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Wheel of Fortune & Fantasy (Gūzen to Sōzō) - Spoiler Free Review

A modern Japanese folklore that recounts three separate stories about decisions made and their aftermaths. An exploration of what it means to be human!

Original Title: 偶然と想像 (Gūzen to Sōzō)

Genre: Drama / Romance

Director: Ryūsuke Hamaguchi

Cast: Kotone Furukawa, Hyunri, Ayumu Nakajima, Katsuki Mori, Kiyohiko Shibukawa, Shouma Kai, Fusako Urabe & Aoba Kawai.

Run Time: 121 min.

Japan Release: 26 August 2021

US Release: 15 October 2021 (limited release)

UK Release: 11 February 2022

German Release: 01 September 2022

Only having heard of this after watching the magnificent Drive My Car, I was awaiting the German release of this anthology flick, to experience it in theatres. Now, a year after its official release in Japan, it finally made its way to German cinemas and it was one of the best theatre experiences I had! Hamaguchi manages to capture the essence of humanity, injecting facets of it into each of the three separate narratives. This is a very sombre but impactful piece of art!

An anthology film about an unexpected love triangle, a failed seduction trap and an encounter that results from a misunderstanding, told in three short stories that depict three female characters, tracing the trajectories between their choices and regrets.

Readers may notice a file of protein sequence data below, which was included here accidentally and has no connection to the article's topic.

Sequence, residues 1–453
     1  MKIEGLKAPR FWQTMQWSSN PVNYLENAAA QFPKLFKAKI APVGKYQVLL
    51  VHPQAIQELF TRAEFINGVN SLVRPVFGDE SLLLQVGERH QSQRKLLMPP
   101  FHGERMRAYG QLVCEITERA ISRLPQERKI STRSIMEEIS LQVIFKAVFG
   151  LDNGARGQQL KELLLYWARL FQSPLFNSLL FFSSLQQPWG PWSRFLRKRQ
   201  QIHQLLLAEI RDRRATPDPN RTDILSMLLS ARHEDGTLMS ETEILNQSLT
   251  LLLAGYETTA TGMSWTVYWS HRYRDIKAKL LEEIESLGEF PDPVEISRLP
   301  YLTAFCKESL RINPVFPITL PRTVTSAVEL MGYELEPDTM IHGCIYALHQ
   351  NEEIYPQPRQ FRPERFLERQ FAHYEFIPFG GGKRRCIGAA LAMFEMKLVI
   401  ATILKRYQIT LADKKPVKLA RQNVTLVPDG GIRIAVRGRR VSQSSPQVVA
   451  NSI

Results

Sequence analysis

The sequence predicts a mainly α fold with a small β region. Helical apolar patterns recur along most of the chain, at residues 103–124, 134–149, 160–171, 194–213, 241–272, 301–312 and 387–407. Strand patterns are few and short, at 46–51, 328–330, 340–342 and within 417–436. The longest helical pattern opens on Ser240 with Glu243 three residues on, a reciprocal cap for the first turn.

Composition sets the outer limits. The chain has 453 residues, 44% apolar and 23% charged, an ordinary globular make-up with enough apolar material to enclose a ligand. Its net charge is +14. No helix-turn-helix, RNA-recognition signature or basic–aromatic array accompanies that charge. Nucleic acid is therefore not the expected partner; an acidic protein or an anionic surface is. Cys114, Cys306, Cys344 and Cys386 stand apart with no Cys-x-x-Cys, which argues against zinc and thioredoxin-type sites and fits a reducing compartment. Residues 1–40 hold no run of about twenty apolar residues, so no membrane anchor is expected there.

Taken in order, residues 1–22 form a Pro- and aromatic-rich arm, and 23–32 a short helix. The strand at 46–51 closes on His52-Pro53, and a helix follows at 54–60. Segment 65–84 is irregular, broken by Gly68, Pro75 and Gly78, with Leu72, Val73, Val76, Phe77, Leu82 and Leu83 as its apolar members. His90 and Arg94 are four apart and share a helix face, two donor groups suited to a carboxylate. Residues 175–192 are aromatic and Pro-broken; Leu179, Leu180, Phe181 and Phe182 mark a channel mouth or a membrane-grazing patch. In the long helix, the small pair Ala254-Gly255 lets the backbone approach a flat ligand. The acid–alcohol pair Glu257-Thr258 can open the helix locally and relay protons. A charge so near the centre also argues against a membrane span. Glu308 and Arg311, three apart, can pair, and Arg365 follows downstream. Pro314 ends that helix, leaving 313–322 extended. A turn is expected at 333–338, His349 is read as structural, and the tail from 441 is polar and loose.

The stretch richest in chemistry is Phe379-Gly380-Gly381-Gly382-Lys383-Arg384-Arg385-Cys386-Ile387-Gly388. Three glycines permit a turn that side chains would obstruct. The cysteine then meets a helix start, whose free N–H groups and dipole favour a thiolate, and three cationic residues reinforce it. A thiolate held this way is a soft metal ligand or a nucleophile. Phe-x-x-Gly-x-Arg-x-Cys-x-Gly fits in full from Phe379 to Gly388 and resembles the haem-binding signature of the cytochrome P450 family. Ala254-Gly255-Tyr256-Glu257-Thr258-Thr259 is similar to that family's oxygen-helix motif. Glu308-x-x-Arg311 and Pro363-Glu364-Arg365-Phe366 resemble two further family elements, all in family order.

Split up into three separate stories, director-writer Ryūsuke Hamaguchi traverses the lives of three women whose past choices left them with remorse about specific events that transpired. Each of the three include the topic of love, which climaxes in an explosion of bottled-up feelings that were left unresolved by the protagonists. This is a light plus easily digestible modern philosophical fable, Gūzen to Sōzō focuses on human facets of erotic desire, the search for one's identity, as well as the mythos of fate and fantasy. It is a red thread that moves along each plot.

Masterfully written, Hamaguchi explores within each story the effects Japanese culture can have on love, including how the male role is viewed from different perspectives. Each situation is resolved by a redeemable outcome; be it through fantasizing about different results of a conversation with an ex, through the magic of role-playing to ease emotional baggage, or simply through the thoughtfulness and openness of others.

Conversations are key in this feature, as each segment is constructed as a dialogue-heavy short film. Every discussion feels natural. Never during the whole run-time have I been pulled out of the experience because a piece of the dialogue felt scripted or cheesy. People talk over each other, raise voices or fight and it all sounds genuine. The dialogue is evidence of the high level of writing that Hamaguchi put into the script.

The characters, just like the conversations, all seem real thanks to the electrifying performances of each actress and actor! Each chapter is like a short window into a person's life.